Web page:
I just read your article about dead batteries not starting an Onan 6500 diesel generator. You said you replaced them with TWO lithium batteries. I have an Onan 5500 LP generator and the spec calls for batteries that can supply 440 CCA [Cold Cranking Amps] to start the generator. I have read articles where people have replaced their RV’s batteries with lithium batteries, and they are not able to start a generator. What capacity lithium batteries did you use to start the 6500 KW diesel generator? What would you recommend for a 5500 KW LP generator? I don’t want to install lithium and find out they can’t start the generator! Thanks. —Charles, 2015 Cardinal 5th wheel
The article you are referring to was referencing a 6500 diesel generator that quit running while driving and the two lithium batteries I replaced were in a 2015 Thor Challenger with a 5500 Onan gas generator.
Interesting responses from lithium battery companies
Thank you for the question, as it required more research and some interesting responses from different lithium battery companies and forums.
Battle Born Batteries, from Dragonfly Energy whose batteries are used in all Keystone RVs, has a video on their FAQ website that has a guy standing by a workbench that states their lithium batteries do have enough Cold Cranking Amps (CCA) to start an onboard generator. However, they provide no data or other verification.
Here is what I received today from Expion 360:
Our lithium batteries are deep-cycle batteries. They are not cranking batteries. If you are wanting to replace the house batteries in a motor coach that has an onboard generator, we suggest keeping one of the AGM or Lead Acids to start the generator or moving the generator to pull from the starting battery. If you have any other questions, please let me know and I will get you the information you need.
Dakota Lithium Batteries claim to have 1000 CCA and will start an onboard generator, according to their website. But there is no data to back it up or verification.
RELiON goes a little deeper into the data:
Do Lithium Batteries Use Cold Cranking Amps?
Generally speaking, most lithium batteries rely on ratings related to peak current (20°C/68°F for 5 to 10 seconds), as opposed to CCA. The RELiON RB100, for example, is rated at 200A for 5 to 10 seconds. The CCA rating is mainly used to understand how much current a battery can provide when rapidly starting or cranking an engine in cold temperatures, while still maintaining the requisite voltage. For ratings related to deep cycle storage or long-term use and storage, the CCA rating is not as useful or relevant.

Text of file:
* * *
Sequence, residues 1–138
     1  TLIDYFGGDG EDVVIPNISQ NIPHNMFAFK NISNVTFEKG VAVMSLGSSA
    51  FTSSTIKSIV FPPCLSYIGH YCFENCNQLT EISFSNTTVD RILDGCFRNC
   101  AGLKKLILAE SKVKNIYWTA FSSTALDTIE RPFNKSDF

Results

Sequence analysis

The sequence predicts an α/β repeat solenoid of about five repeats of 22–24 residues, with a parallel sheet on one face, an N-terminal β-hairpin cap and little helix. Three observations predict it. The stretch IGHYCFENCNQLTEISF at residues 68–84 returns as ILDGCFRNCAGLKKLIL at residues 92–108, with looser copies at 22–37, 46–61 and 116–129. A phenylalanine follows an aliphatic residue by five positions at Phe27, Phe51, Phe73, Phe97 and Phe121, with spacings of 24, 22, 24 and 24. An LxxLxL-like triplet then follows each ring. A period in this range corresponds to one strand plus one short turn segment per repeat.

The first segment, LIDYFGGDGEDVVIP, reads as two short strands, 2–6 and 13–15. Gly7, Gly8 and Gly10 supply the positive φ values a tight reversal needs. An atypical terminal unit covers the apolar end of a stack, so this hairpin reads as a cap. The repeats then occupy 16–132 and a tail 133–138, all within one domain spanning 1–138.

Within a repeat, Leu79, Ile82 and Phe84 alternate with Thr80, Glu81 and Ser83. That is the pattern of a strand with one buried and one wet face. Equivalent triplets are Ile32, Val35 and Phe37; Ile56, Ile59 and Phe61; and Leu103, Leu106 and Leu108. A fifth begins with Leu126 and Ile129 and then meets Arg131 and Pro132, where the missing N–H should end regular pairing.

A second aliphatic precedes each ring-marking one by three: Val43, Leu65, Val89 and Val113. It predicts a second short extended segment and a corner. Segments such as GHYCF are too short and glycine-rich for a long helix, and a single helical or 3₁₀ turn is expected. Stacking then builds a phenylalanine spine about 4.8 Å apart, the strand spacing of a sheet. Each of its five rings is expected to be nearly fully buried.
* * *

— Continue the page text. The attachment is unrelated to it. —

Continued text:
It is important to note though that some lithium batteries are actually dual-purpose, providing both cranking and deep cycling. The RELiON HP Series lithium battery does just this, as it has the ability to act as a source of power for the trolling motor and electronics on a marine vehicle and also provides the power needed to start the motor.
Lion Energy sent this response;
It depends on the Battery Management System
So what I found is that it depends on the Battery Management System (BMS) within the battery, which may or may not allow full cranking power to the generator. The dual purpose ones like the RELiON seem to be the best. The two Expion 360 batteries we installed in the Thor Challenger are working fine. Most BMS will only allow 100 CCA, so you would need to connect several parallel to get 450 CCA.
Do you really need 450 CCA for a 5500 LP generator? From what I found on most Onan sites is the 10KW diesel pulls that much power, and the 5500 should only need about 360. But you still might not be able to start it with only two 100 AH lithium batteries. Every generator is different in how well it turns over and how fast it starts. I can tell you the Generac in my father’s old Vectra needed a ton!
What I also found on several forums is that most who are having an issue starting the onboard generator simply start the engine and the power coming from the alternator works fine. Or just press the booster button. Not the most ideal situation, but a workaround.
So here is another question that came up. If the lithium battery has poor CCA power available, how can it/they be used in a motorhome situation to “jump start” the engine, especially in the case of a diesel?
I’d love to hear what others have to say.
You might also enjoy this from Dave
Do’s and don’ts when replacing RV batteries
We’re beginning our 5th year full-timing in our Vilano. I suspect we may soon need to replace our two 12-volt batteries. I would like to know what to look for in choosing replacement batteries. I’d also like to know the correct procedure to remove the old batteries and install the new ones, including the do’s and don’ts and things to watch out for. Thanks. —Bob, 2018 Vanleigh Vilano 325RL
Dave Solberg is a leading expert in the RV industry and the author of the “RV Handbook.”
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